Objection withdrawn.



« Last Edit: April 09, 2018, 09:28:32 PM by Ella Minnow Pea »
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c-lando

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Re: 50 books in 2018
« Reply #62 on: April 10, 2018, 08:59:16 AM »


Objection withdrawn.

And in this corner over here, c-lando, our reigning champion!
(The crowd goes wild)

:)
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Once the bacon's done, all pants are off.  
PANTS PANTS REVOLUTION!!!

luisterpaul

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Re: 50 books in 2018
« Reply #63 on: April 11, 2018, 02:57:02 PM »

1. Playing In The Dark: Whiteness and the Literary Imagination - Toni Morrison
2. Battling the Gods: Atheism in the Ancient World - Tim Whitmarsh
3. Stranger Than Fiction: True Stories - Chuck Palahniuk
4. The Man Who Fell In Love With The Moon - Tom Spanbauer
5. Snuff - Chuck Palahniuk
6. Collected Stories - Amy Hempel
7. Fear and Loathing in Las Vegas - Hunter S. Thompson
8. The Three-Body Problem - Cixin Liu
9. Uprooted - Naomi Novik
10. Drown - Junot Diaz
11. Tracer - Frederick Barthelme
12. The Dark Forest - Cixin Liu
13. Subtraction - Mary Robison
14. What We Talk About When We Talk About Love - Raymond Carver

I feel ambivalent about this one. Excellent writer, to be sure. He's an insightful observer of brilliant details. But so many of these characters were self-centered, unaware -- or intentionally ignorant -- of their effect on others. Sure, that's pretty much humanity's M.O., but we do have moments of selflessness. I felt that was missing in these stories. Still, I'll keep an eye out for his books when I peruse used book shops.
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Zafer Kaya

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Re: 50 books in 2018
« Reply #64 on: April 11, 2018, 06:35:54 PM »

I donít think Carver was trying to set out to capture humanity.  I mean, I think he would acknowledge that he writes about hard-drinking losers and it is a biased sample.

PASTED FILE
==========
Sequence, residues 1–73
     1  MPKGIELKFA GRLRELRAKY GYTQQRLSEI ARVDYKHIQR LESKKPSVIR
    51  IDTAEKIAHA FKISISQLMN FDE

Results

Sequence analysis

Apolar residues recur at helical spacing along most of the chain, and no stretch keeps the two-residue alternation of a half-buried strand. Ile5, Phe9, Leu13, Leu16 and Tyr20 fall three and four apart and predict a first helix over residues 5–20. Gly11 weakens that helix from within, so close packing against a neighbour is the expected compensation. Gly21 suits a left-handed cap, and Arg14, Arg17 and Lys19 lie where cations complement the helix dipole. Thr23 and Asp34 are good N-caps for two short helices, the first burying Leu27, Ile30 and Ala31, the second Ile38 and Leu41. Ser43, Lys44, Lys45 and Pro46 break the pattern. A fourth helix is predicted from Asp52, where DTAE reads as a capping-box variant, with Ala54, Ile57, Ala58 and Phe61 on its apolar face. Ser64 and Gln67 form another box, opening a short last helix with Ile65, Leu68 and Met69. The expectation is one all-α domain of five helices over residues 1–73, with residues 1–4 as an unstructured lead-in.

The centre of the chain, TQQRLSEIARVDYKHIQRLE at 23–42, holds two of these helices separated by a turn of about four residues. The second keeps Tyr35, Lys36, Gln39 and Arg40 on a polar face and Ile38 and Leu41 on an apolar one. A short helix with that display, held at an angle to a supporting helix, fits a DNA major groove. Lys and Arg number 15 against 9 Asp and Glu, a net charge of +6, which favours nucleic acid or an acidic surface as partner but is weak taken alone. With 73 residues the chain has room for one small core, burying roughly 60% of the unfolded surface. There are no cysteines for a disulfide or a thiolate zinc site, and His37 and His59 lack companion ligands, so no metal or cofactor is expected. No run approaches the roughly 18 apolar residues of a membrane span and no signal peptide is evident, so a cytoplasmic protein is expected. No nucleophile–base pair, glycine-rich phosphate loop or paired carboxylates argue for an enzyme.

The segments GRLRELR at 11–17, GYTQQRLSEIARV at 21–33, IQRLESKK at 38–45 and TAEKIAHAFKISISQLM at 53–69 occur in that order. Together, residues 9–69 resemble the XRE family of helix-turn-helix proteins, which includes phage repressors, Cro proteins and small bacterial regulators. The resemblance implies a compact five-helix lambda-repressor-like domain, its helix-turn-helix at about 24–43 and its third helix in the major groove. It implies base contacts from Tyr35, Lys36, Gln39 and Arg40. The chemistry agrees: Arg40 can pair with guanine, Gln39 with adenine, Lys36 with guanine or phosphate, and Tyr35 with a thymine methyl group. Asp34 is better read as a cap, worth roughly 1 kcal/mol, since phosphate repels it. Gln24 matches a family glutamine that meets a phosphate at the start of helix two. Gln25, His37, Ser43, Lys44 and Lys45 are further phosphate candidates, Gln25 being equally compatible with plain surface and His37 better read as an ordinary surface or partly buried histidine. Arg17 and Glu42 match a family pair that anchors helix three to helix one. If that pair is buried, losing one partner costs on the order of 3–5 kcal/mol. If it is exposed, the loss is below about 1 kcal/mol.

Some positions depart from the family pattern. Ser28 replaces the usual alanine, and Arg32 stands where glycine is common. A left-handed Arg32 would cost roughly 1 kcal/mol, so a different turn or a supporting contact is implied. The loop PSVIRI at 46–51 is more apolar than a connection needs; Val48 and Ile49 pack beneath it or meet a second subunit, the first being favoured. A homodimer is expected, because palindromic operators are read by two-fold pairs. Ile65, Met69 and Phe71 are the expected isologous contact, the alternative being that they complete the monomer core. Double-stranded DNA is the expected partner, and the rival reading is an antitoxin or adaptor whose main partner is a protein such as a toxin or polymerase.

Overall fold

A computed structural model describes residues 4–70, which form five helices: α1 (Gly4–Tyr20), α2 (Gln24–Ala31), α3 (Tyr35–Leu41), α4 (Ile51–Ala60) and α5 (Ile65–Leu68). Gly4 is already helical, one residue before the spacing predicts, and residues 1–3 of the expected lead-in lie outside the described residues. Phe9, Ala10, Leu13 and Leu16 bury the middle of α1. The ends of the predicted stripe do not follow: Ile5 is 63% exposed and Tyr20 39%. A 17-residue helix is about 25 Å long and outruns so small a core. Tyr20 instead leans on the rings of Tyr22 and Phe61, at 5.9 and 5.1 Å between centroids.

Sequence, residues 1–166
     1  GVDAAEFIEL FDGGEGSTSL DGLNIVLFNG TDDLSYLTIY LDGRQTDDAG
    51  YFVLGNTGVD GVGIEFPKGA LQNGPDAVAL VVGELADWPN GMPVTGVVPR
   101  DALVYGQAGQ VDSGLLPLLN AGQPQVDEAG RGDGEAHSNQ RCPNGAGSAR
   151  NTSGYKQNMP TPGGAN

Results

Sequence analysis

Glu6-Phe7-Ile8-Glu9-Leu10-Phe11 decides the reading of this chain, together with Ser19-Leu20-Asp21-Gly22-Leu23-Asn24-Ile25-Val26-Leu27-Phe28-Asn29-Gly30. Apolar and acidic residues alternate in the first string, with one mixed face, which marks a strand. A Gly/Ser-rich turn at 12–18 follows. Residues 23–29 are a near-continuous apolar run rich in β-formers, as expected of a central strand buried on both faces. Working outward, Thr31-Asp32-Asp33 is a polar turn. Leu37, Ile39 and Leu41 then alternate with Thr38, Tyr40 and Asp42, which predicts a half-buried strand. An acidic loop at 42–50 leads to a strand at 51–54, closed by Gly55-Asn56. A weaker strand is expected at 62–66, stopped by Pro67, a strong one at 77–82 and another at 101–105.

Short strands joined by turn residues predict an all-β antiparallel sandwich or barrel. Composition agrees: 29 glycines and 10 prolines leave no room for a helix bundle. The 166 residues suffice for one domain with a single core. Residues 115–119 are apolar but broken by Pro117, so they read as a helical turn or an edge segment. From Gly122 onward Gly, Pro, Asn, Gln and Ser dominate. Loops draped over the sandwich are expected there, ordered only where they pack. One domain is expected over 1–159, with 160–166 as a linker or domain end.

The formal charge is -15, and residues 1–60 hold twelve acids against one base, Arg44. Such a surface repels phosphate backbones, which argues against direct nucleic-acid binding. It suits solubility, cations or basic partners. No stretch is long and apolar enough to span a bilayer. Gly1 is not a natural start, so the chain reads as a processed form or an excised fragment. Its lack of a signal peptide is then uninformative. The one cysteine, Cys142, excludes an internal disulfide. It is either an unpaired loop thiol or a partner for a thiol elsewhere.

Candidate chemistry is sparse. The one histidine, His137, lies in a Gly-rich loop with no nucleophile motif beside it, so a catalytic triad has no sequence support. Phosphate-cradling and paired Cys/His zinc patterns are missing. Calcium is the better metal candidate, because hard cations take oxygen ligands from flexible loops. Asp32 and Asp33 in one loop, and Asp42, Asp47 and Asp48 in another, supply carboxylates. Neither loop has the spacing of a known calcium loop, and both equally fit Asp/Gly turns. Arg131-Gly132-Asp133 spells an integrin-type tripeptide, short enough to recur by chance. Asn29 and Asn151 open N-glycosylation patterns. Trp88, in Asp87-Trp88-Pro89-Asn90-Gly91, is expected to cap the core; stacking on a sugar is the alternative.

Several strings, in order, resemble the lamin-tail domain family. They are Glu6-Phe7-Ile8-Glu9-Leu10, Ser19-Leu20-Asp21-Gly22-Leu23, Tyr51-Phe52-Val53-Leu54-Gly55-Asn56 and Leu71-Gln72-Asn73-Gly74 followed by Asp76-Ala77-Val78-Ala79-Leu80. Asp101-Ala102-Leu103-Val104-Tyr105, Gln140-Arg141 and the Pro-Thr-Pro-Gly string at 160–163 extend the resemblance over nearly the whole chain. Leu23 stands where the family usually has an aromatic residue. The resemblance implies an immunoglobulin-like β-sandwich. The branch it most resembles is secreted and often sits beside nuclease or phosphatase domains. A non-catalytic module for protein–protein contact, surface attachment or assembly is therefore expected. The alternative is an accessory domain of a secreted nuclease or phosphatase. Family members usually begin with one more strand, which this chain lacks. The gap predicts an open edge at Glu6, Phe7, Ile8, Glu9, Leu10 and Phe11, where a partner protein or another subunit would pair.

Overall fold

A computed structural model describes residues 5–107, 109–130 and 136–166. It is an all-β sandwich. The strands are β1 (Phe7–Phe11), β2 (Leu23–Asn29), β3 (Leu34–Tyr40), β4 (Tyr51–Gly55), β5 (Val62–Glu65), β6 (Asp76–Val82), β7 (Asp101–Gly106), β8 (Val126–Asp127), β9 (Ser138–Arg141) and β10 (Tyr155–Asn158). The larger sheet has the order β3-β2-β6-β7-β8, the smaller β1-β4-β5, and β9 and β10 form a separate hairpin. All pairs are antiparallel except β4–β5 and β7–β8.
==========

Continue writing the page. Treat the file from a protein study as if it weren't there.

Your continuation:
Still, I think itís a valid criticism that while heís remarkable at finding different settings and scenarios in his portraits....theyíre still all some grim-ass stories exploring similar themes.  He happens to write about people in bad positions, but there is a kind of implication that trapped, disconnected and powerless is the unspoken fate of man, even the types of people he doesnít write about who seem to have it together. 

Heís best read one story at a time instead of going through a whole collection, I think.  Otherwise itís a little too same-y and mostly just too crushingly depressing.

Good news:  Here is a Carver short story with good people in it that IMO, shows a sort of hopeful view and the good side of people and even a semi-optimistic ending.  Itís my favorite Carver story.

Bad news:  Itís still depressing as shit. In fact it might be the most depressing story he ever wrote, which is saying something.

http://www.classicshorts.com/stories/sgthing.html
« Last Edit: April 11, 2018, 06:50:43 PM by Zafer Kaya »
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luisterpaul

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Re: 50 books in 2018
« Reply #65 on: April 12, 2018, 09:03:13 AM »

Agreed about the samey-ness. I liked the first story best -- it seemed lighter, more whimsical. But the rest maintained that tone I described earlier.